Establishment of a database on weed species in lowland Savanna in West Africa
Practical information on identification of weeds and wild plants occurring in lowland conditions has become even more essential for the development of an effective weed management system geared towards the improvement of rice production in the flood-plains of West Africa, because WEEDS OF RICE in West Africa (D. E. Johnson 1997), which had been a valuable source on identification and biology of rice weeds in West Africa, had been out of print for a long time. Therefore, the establishment of a database on the weeds and plants in the abovementioned environment where a JIRCAS Project “Development of low input, sustainable rice cultivation system in flood plains in Africa” has been carried out, was needed to provide correct information to the Project.
Major weed species, including wild native plants collected in/around ricefields of lowland savanna in the northern part of the Republic of Ghana, were identified based on herbal specimens and photographic images reproduced by a high resolution scanner. Each species was classified, based on its origin as given in the literatures, into four groups: 1) Upland pan-tropical weeds naturalized mainly from tropical America or Asia, 2) Rice weeds of lowland savanna, and also common in Southeast Asia, 3) Plants growing in seasonally flooded lowland savanna, and 4) Weeds and plants of upland fields in the savanna zone, as shown in Fig. 1, with representative species. The weed species distribution, which was differentiated from field to field, reflects the history and management practices in each rice field (data not shown).
A database, “Plants in lowland savanna of West Africa”, with images, scientific names, classified origin and biological information of approximately 110 species had been uploaded to the website of JIRCAS (https://www.jircas.affrc.go.jp/DB/DB06/index.html) (Fig. 2 and Table 1). Considering the frequency of occurrence, plant size, possible flood tolerance and so on, species such as Paspalum scrobiculatum, Arcoceras zizanioides, Aspilia paludosa and Melochia corchorifolia were nominated as noxious rice weeds in the Project site. A wild rice, Oryza longistaminata should be treated with caution because it was found to have grown in conventional rice fields in northern Ghana. A semi-parasitic species, Rhamphicarpa fistulosa, growing under flooded conditions and reported as a parasite to Gramineous plants including rice, was likewise discovered in the Project site (Fig. 3). This species is also a possible threat.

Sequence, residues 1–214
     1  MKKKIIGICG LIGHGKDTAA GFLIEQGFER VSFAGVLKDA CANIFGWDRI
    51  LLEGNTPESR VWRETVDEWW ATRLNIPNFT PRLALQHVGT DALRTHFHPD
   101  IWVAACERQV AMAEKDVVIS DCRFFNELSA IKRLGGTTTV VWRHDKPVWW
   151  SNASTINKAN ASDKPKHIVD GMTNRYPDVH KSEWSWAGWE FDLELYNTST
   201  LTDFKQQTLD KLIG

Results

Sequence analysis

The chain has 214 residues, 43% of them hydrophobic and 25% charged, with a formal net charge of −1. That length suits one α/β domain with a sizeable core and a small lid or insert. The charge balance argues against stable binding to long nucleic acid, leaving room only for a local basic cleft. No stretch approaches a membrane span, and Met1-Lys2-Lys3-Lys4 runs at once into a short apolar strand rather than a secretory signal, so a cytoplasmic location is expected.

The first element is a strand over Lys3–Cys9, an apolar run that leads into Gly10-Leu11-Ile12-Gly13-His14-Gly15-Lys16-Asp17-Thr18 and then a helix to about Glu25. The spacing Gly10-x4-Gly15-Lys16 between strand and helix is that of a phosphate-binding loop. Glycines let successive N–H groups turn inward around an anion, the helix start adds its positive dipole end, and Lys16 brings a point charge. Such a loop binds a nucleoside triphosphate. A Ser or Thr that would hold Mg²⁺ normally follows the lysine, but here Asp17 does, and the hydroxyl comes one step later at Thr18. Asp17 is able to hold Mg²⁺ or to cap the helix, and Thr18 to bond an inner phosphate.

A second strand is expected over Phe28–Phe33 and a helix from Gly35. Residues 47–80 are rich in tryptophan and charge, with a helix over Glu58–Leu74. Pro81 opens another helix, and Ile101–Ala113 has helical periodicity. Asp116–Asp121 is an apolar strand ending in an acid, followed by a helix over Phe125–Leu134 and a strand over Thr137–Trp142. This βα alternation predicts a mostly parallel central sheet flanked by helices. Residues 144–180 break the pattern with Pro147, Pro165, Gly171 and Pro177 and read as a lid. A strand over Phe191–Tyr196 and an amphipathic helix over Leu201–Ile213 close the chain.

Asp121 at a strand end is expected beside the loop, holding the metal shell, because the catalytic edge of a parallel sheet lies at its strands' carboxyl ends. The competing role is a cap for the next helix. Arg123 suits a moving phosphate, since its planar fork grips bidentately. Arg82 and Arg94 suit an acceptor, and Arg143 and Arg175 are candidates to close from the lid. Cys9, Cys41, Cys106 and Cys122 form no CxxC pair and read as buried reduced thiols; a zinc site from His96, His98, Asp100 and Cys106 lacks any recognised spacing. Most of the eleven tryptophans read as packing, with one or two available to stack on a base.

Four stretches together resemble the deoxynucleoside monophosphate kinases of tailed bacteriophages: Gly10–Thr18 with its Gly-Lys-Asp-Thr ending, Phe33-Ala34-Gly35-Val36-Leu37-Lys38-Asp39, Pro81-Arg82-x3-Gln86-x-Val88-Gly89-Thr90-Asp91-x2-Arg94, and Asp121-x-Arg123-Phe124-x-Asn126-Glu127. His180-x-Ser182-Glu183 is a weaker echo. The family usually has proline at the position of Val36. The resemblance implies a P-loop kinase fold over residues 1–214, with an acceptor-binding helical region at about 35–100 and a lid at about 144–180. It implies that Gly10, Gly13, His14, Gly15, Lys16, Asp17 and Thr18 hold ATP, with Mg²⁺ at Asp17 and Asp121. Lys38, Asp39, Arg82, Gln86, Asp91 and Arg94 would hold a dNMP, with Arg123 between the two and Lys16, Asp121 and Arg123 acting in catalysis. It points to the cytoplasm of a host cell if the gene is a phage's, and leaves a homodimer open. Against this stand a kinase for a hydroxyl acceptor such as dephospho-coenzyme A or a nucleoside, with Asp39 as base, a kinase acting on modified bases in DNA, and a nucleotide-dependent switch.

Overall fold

The results can be utilized as basic information on changes of weeds and natural vegetation for the development of rice cultivation in the flood plains of West Africa. Though weed species can be searched by scientific names, these are searchable as well among images belonging to one family if the user could identify the family name of the species. This database will be further revised and enlarged through further investigations on the weed flora and weed biology in the ricefields of lowland savanna of West Africa.
Table 1. Family, number of species and representative species in the database
Japan International Research Center for Agricultural Sciences Crop Production and Environment Division
- Term of research
- Responsible researcher
SAKAGAMI Jun-Ichi ( Crop Production and Environment Division )
MORITA Hirohiko ( Akita Prefectural University )
UCHINO Akira ( NARO Agricultural Research Center )
- Publication, etc.
Morita et al. (2010) Journal of weed science and technology 55(Suppl):66.
Morita et al. (2010) Characteristics of weed flora in rice fields of lowland savanna of Ghana. 3rd International Rice Congress：98.
- Japanese PDF